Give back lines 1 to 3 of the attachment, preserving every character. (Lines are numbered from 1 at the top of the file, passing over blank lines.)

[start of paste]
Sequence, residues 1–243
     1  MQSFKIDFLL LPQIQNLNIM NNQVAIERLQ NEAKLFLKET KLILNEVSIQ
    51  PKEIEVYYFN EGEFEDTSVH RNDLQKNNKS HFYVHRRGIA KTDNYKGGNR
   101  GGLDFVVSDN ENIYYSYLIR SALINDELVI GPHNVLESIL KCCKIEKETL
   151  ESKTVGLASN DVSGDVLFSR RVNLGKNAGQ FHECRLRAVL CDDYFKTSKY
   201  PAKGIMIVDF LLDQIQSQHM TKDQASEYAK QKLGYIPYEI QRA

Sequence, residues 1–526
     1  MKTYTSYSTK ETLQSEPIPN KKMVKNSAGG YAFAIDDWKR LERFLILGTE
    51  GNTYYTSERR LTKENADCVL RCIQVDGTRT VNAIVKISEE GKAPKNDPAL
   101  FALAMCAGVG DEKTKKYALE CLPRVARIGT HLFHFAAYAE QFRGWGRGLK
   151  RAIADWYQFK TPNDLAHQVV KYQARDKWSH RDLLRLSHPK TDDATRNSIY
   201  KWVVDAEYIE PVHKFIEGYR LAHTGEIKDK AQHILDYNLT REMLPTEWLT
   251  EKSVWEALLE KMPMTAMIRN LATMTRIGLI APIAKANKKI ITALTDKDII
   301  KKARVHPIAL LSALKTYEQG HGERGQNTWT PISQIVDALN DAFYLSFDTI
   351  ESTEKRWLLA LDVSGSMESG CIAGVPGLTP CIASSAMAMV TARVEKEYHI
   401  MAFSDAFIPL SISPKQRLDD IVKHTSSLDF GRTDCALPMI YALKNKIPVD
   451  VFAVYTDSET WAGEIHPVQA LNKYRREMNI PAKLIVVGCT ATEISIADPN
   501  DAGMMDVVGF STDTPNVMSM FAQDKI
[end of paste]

Sequence, residues 1–243
     1  MQSFKIDFLL LPQIQNLNIM NNQVAIERLQ NEAKLFLKET KLILNEVSIQ
    51  PKEIEVYYFN EGEFEDTSVH RNDLQKNNKS HFYVHRRGIA KTDNYKGGNR